As I envision it, two missionaries would have to be on neighboring computers in a public place so each of them could be "in plain sight" of the other one's screen--more of a logistics problem in a crowded place than a snooping problem, because each of them may be wanting to send out a high volume of emails. It will be much better than having to write out a multitude of actual letters by hand for snail mail delivery.

  • chosha BEVERLY HILLS, CA
    April 17, 2013 8:22 a.m.

    Why is everyone talking about levels of trust, etc? It's going through a filtered service set up by the Church. If I was a missionary right now, I would err on the side of caution and assume the Church is seeing everything I write.

  • rightascension Provo, UT
    April 17, 2013 8:26 a.m.

    which has been going on for years.

  • estreetshuffle Window Rock, AZ
    April 17, 2013 8:52 a.m.

    Missionaries aren't as tough as they used to be. Used to be more like an adventure on how to survive on your own with only hand written letters to home. Thought this was the place to really break the tie with mama and show your parents that you can really make it on your own. How ridicules and disappointing.

  • Brave Sir Robin San Diego, CA
    April 17, 2013 8:54 a.m.

    I don't get why the naysayers think this will be a disaster....there were no rules before about snail mailing friends, girlfriends, priesthood leaders, etc. Why should it make a difference that now you can correspond with the same people and say the same things by e-mail?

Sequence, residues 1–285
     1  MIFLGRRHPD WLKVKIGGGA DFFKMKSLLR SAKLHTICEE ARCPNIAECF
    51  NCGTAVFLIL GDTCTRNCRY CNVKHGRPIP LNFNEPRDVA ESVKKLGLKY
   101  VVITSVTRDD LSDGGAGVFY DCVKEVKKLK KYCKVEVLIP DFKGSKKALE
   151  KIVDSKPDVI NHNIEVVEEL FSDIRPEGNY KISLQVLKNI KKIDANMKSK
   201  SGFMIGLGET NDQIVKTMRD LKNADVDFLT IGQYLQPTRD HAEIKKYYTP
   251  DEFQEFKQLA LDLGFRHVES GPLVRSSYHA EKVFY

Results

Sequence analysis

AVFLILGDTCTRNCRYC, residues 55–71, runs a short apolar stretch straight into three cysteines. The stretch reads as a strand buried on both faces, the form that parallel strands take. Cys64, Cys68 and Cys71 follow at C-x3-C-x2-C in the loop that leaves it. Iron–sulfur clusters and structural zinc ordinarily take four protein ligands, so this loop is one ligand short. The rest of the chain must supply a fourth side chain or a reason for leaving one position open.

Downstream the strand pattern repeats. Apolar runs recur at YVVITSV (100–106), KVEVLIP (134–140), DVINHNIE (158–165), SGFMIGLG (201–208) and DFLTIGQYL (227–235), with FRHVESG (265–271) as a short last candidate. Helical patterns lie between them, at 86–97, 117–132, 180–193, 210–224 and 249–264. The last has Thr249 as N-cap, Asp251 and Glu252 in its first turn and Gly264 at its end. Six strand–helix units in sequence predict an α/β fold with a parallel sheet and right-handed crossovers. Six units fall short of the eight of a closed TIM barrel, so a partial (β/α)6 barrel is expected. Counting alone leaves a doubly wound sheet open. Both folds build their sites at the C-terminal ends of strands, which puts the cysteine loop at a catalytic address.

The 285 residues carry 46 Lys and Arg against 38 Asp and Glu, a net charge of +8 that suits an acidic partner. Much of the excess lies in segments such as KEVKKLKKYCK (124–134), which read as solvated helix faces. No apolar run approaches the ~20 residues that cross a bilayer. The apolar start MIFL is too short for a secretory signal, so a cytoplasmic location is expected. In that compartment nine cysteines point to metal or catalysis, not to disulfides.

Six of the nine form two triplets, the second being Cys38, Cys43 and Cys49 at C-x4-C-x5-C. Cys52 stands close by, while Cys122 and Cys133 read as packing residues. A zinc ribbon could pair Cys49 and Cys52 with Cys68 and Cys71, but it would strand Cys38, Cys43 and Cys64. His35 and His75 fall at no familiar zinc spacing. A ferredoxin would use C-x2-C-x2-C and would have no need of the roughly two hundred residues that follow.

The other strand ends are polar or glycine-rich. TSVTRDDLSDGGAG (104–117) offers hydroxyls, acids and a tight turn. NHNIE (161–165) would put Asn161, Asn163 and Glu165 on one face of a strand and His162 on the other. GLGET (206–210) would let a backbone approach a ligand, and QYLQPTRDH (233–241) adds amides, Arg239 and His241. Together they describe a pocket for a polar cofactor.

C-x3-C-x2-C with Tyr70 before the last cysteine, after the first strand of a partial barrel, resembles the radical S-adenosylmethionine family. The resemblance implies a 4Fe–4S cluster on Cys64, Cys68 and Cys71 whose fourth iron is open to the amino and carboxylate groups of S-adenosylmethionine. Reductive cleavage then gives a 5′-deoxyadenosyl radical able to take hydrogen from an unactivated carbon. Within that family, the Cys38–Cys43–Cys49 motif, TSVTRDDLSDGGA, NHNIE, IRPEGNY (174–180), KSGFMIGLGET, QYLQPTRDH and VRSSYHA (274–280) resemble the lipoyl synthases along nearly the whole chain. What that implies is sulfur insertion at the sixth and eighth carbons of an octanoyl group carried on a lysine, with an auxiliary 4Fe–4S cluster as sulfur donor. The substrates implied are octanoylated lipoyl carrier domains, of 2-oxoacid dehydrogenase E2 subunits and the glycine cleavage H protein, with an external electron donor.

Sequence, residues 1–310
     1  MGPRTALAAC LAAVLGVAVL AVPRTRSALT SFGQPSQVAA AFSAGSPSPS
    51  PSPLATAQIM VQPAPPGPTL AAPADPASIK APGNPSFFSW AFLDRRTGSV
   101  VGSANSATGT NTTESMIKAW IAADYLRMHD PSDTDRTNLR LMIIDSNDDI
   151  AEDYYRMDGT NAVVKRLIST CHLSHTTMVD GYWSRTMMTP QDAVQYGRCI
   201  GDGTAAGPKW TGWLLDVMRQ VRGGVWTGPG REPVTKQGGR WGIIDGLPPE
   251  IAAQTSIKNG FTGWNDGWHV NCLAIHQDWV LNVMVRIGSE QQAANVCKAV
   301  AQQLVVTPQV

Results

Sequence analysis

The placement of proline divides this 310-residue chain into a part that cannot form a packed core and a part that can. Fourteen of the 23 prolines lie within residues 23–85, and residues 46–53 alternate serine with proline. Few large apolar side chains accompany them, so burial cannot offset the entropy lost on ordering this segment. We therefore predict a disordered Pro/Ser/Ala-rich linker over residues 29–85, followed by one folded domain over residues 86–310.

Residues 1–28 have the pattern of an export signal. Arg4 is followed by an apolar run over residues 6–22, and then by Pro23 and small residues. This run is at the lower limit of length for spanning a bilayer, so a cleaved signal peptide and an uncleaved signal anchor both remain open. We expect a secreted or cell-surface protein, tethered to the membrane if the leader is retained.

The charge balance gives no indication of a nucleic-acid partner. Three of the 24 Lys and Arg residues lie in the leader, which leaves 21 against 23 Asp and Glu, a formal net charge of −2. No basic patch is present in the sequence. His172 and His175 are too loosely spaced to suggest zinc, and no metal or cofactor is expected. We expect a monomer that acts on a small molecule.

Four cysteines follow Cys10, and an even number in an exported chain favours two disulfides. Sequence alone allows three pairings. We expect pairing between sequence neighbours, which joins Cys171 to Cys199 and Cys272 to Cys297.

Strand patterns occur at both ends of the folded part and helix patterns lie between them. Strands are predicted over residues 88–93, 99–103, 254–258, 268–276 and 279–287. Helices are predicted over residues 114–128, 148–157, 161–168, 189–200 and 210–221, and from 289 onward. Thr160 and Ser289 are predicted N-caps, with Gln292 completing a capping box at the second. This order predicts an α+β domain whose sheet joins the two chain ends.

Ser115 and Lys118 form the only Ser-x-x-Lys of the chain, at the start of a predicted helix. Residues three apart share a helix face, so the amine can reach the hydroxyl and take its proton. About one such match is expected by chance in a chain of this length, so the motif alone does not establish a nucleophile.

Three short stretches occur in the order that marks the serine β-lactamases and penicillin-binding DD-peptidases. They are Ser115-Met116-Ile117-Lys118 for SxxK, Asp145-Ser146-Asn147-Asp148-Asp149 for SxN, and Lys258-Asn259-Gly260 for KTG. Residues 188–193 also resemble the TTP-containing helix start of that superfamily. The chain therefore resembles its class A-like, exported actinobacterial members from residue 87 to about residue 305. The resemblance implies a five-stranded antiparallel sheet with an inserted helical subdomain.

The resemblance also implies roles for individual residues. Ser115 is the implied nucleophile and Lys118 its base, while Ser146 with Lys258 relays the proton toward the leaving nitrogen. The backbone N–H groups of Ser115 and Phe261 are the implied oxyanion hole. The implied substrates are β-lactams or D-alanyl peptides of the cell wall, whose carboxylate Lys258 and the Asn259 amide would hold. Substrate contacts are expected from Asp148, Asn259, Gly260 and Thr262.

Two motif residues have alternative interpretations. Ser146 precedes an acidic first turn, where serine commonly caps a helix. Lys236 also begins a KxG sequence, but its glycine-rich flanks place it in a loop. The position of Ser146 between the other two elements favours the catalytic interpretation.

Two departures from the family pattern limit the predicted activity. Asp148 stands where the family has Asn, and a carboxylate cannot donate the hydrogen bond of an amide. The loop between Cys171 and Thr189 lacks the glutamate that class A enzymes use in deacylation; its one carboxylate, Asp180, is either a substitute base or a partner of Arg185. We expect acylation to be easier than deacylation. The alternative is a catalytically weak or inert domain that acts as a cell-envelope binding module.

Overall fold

Are you afraid that missionaries are going to spend too much time writing e-mails to their girlfriends? Before today they were spending just as much time writing them letters.
    Are you afraid that missionaries will be subject to receiving inappropriate photos? Before today you could send a missionary inappropriate photos in a letter. It's probably better now because e-mail content is filtered.

    There is nothing different here than what has been going on for years already...now it's just digital instead of analog.

  • Roundtrip Thomasville, GA
    April 17, 2013 9:08 a.m.

    I think this is a mistake. The Internet is just too dangerous for the young missionaries. Also, although I trust the intentions of our missionaries, non-members of the opposite sex could "misinterpret" the smiles and kindness of missionaries. I hope missionary emails will be monitored to "weed out" predators who may contact them.

  • Big Red '93 The High Plains of, Texas
    April 17, 2013 9:40 a.m.

    Served in Mexico over 3 decades ago. Got transferred once and didn't get a single letter for 6 weeks. I survived by keeping my mind on the work.

    Different times now. It's all about electronic communications and speed at which we get information. Sometimes too much information is worse than too little. Just have to live with it, I guess.